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TESTING THE CAPM AND THE FAMA-FRENCH 3-FACTOR MODEL ON U.S. HIGH-TECH STOCKS

Kari, Ville LU and Gausselmann, Steffen (2017) NEKN02 20171
Department of Economics
Abstract (Swedish)
This master’s thesis tests the capital asset pricing model (CAPM) and the Fama-French 3-factor model (FF3FM) for the U.S. high-tech industry. For a total sample of 120 U.S. high-tech companies we run OLS time-series regressions for both models by using return and accounting data from 2002 to 2016. It is found that on average, the CAPM is not sufficient in explaining average excess returns for our sample of U.S. high-tech stocks, indicated by significant abnormal returns in the time-series regressions. However, the FF3FM eliminates the significance of the abnormal returns, or at least lowers the significance of the time-series regressions intercepts. Hence, it is found that the latter model outperforms the traditional CAPM for our sample of... (More)
This master’s thesis tests the capital asset pricing model (CAPM) and the Fama-French 3-factor model (FF3FM) for the U.S. high-tech industry. For a total sample of 120 U.S. high-tech companies we run OLS time-series regressions for both models by using return and accounting data from 2002 to 2016. It is found that on average, the CAPM is not sufficient in explaining average excess returns for our sample of U.S. high-tech stocks, indicated by significant abnormal returns in the time-series regressions. However, the FF3FM eliminates the significance of the abnormal returns, or at least lowers the significance of the time-series regressions intercepts. Hence, it is found that the latter model outperforms the traditional CAPM for our sample of U.S. high-tech stocks, indicated by lower significance of the alpha terms as well as increasing adjusted R2 values in the time-series regressions. The higher explanatory power of the FF3FM compared to the CAPM is mainly caused by the high significance of the size factor measured by the SMB (small-minus-big) variable, which confirms a negative size premium for U.S. high-tech stocks. The book-to-market factor represented by the HML (highminus-low) variable does not seem to contribute to explain average excess returns, which is
concluded from an insignificant average regression coefficient. Since the FF3FM proves to be an improvement towards the traditional CAPM, it can be recommended to apply the former model as a valuation and decision making tool for U.S. high-tech stocks. However, these results only hold for stable economic periods as the research results show that during economic turmoil both models are not sufficient in explaining the respective average excess returns. (Less)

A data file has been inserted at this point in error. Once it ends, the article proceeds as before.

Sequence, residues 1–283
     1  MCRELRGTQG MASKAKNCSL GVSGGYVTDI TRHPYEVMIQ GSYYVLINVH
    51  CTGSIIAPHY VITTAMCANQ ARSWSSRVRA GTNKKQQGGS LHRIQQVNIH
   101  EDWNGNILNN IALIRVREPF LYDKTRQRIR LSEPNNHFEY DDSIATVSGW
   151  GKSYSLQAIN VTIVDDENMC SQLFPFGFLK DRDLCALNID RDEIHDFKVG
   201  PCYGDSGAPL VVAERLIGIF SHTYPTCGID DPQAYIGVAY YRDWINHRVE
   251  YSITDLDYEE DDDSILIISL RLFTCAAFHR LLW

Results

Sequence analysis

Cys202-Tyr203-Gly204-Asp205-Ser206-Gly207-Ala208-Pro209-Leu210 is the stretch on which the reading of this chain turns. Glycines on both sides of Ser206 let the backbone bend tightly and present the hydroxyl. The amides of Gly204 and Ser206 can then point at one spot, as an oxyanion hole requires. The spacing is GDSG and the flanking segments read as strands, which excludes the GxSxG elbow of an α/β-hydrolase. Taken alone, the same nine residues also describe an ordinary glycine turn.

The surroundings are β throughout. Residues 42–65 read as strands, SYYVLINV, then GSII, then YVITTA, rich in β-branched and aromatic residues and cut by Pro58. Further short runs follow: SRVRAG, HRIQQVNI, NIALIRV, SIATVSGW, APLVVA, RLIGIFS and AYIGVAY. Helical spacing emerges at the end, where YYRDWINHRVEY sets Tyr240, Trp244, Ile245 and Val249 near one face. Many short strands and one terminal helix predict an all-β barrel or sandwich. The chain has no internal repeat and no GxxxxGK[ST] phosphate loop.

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author
Kari, Ville LU and Gausselmann, Steffen
supervisor
organization
course
NEKN02 20171
year
type
H1 - Master's Degree (One Year)
subject
keywords
CAPM, Fama-French Three-Factor Model, U.S. high-tech stocks
language
English
id
8910802
date added to LUP
2017-06-13 15:19:26
date last changed
2017-06-13 15:19:26
@misc{8910802,
  abstract     = {This master’s thesis tests the capital asset pricing model (CAPM) and the Fama-French 3-factor model (FF3FM) for the U.S. high-tech industry. For a total sample of 120 U.S. high-tech companies we run OLS time-series regressions for both models by using return and accounting data from 2002 to 2016. It is found that on average, the CAPM is not sufficient in explaining average excess returns for our sample of U.S. high-tech stocks, indicated by significant abnormal returns in the time-series regressions. However, the FF3FM eliminates the significance of the abnormal returns, or at least lowers the significance of the time-series regressions intercepts. Hence, it is found that the latter model outperforms the traditional CAPM for our sample of U.S. high-tech stocks, indicated by lower significance of the alpha terms as well as increasing adjusted R2 values in the time-series regressions. The higher explanatory power of the FF3FM compared to the CAPM is mainly caused by the high significance of the size factor measured by the SMB (small-minus-big) variable, which confirms a negative size premium for U.S. high-tech stocks. The book-to-market factor represented by the HML (highminus-low) variable does not seem to contribute to explain average excess returns, which is
concluded from an insignificant average regression coefficient. Since the FF3FM proves to be an improvement towards the traditional CAPM, it can be recommended to apply the former model as a valuation and decision making tool for U.S. high-tech stocks. However, these results only hold for stable economic periods as the research results show that during economic turmoil both models are not sufficient in explaining the respective average excess returns.},
  author       = {Kari, Ville and Gausselmann, Steffen},
  keyword      = {CAPM,Fama-French Three-Factor Model,U.S. high-tech stocks},
  language     = {eng},
  note         = {Student Paper},
  title        = {TESTING THE CAPM AND THE FAMA-FRENCH 3-FACTOR MODEL ON U.S. HIGH-TECH STOCKS},
  year         = {2017},
}